My last post was about 'rona restrictions in Britain, here's an anecdote from Canada:
Michelle Dionne was excited about her new job, helping to prevent the spread of COVID-19 by doing extra cleaning in an elementary school in Darwell, Alta. — about 85 kilometres west of Edmonton.
But last October, after being on the job for about six weeks, her boss at the cleaning company sent out a companywide message — telling employees to download an app on their personal phones that would check their location and ensure they were working their scheduled hours.
Dionne found the request offensive and refused.
"I was at the school working so that I could provide for my son," she told Go Public. "We're not thieves. We don't need an ankle monitor."
Less than two months later, the single mom was fired — her refusal to download the app was mentioned in her letter of termination.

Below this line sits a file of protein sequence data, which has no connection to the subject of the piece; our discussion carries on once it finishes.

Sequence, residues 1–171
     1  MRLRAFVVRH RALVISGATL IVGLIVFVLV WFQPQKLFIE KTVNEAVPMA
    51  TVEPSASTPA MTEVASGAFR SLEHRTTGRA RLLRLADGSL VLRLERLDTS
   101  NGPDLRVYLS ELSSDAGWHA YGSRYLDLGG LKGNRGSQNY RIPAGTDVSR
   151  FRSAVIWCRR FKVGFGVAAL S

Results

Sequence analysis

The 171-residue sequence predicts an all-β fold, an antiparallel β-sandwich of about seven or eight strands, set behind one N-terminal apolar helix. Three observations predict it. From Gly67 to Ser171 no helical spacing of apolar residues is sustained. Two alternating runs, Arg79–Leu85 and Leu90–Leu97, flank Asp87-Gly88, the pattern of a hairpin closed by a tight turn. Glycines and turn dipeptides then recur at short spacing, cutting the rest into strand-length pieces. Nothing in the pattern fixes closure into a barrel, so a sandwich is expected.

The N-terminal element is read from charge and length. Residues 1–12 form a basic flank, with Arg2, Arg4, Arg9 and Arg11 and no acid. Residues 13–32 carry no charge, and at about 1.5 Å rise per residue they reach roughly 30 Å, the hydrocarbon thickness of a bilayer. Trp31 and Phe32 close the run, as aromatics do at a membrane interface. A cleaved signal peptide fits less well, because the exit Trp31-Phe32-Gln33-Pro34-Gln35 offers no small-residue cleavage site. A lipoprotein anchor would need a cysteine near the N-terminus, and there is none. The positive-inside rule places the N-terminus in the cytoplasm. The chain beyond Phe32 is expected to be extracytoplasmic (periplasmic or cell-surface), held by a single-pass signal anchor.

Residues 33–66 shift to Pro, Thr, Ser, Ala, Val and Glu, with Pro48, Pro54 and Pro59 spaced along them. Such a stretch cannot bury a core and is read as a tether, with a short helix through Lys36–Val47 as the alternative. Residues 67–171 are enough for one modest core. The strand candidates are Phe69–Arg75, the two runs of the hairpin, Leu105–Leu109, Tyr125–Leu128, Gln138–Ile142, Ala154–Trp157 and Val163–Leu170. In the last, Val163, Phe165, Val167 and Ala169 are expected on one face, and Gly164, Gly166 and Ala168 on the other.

Does it seem right to you that your employer can require you to use your own belongings to help them surveil you??? If you want to track me, use your own darned equipment!
Other Canadians have been asked to download software that helps employers remotely monitor their productivity — such as phone apps that register an employee's location via GPS, and software that monitors the activity of their computer mouse. Others have tracking devices in their vehicles.
It's prompting some employment lawyers Go Public consulted to sound the alarm.
Is personal privacy even a thing in Canada?
The first time I visited Canada was with a friend from my high school days. As soon as the landing gear touched down in Vancouver, my friend said to me half-joking half-serious, "Darren, we no longer have our constitutional rights." Consider the implications of that.